There’s no law against this, but usually, when a lawsuit is settled, meaning the settlement agreement has been signed, the plaintiff agrees not to revisit the claim or future claims arising out of the same incident. However, there are reasons that settlement may be reopened. For example, if the defendant concealed important information from the plaintiff at the time the case was settled, then the court may allow it to be reopened.
Do most medical malpractice cases settle?
Yes. There’s a good reason for that, though. Trials are long and expensive. Unlike lawyers for plaintiffs claiming medical malpractice, attorneys defending health providers don’t work on contingency. A settlement keeps costs down and can happen without a lengthy trial. The courts encourage parties to settle out of court, and settlements can be more lucrative than jury awards.
What do I need to prove in my malpractice case?
According to Florida law, the fact that there is an injury isn’t enough to prove medical malpractice. The plaintiff has to show through evidence that it is more likely than not that the actions of the health care provider represent a breach of the standard of care. If the defendant alleges that the injury occurred as part of the ordinary treatment according to the standard of care, then the plaintiff has to show that the injury was not predictable or expected as part of the medical intervention given.
What makes a good case?
There’s a lot that goes into making a good case. First, the more evidence that shows that the standard of care was breached, the easier it is to prove a case of medical malpractice. This means contacting an attorney soon as someone suspects that they’re the victim of medical malpractice. However, what makes a good case is very fact dependent. A good plaintiff whom the jury can relate to or admire always helps. It also helps when there is a clear breach of duty and obvious damages as a result.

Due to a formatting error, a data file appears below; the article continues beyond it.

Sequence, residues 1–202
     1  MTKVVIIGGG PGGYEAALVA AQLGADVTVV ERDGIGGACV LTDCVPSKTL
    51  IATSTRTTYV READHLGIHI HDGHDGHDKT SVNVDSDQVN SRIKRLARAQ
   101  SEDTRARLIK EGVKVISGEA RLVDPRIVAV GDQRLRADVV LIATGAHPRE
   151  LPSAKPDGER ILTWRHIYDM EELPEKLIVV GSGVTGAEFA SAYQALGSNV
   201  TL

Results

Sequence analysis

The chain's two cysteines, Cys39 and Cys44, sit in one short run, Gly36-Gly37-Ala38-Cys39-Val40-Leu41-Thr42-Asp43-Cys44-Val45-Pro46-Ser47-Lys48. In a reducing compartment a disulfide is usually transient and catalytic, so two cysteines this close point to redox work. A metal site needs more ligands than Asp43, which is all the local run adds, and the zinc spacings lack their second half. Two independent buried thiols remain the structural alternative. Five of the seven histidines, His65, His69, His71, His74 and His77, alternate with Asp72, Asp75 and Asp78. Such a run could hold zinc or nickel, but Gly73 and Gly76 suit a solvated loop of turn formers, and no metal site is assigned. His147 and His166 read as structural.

Will I need a medical expert for your malpractice case?
Yes. You’ll first need a medical expert to sign an affidavit stating that they believe your health care provider committed malpractice. Then, you’ll need a medical expert willing to testify at trial that they believe that your treatment didn’t meet the standard of care.
What is an expert, and why do I need one?
Unlike other negligence cases in which the injured party can simply file a lawsuit, medical malpractice cases require that a case goes thru pre-suit. During pre-suit, the plaintiff must present all medical records and an affidavit from a doctor (expert) who is of the same specialty as the doctor, nurse, etc. that committed the malpractice.
If the health care provider against whom or on whose behalf the testimony is offered is a specialist, then the expert witness must specialize in the same specialty as the health care provider against whom or on whose behalf the testimony is offered, or specialize in a similar specialty that includes the evaluation, diagnosis or treatment of the medical condition that is the subject of the claim. They also must have prior experience treating similar patients and must have actively practiced or taught in that specialty during the three years preceding the date of the occurrence. For example, if the claim is against an orthopedic surgeon, then the expert hired by the plaintiff to testify must also be an orthopedic surgeon.
If the health care provider against whom or on whose behalf the testimony is offered is a general practitioner, then the expert witness must have devoted professional time during the five years immediately preceding the date of the occurrence that is the basis for the action to the instruction of students or active clinical practice as a general practitioner.
If the health care provider against whom or on whose behalf the testimony is offered is a health care provider other than a specialist or a general practitioner, then the expert witness must have devoted professional time during the three years immediately preceding the date of the occurrence that is the basis for the action to the instruction of students or active clinical practice in the same or similar health profession as the health care provider against whom or on whose behalf the testimony is offered.
Who is considered a health care provider?
The term “health care provider” refers to any of the following:
- Hospital, ambulatory surgical center or mobile surgical facility
- Birth center
- Medical doctor (MD)
- Osteopath (DO)
- Chiropractor (DC)
- Podiatrist (DPM)
- Clinical lab
- Health maintenance organization (HMO) certificated under Part I of Chapter 641
- Blood bank
- Plasma center
- Industrial clinic
- Renal dialysis facility
- Professional association (PA) partnership, corporation, joint venture or other association for professional activity by health care providers
Will a judge or a jury decide my medical malpractice case in Florida?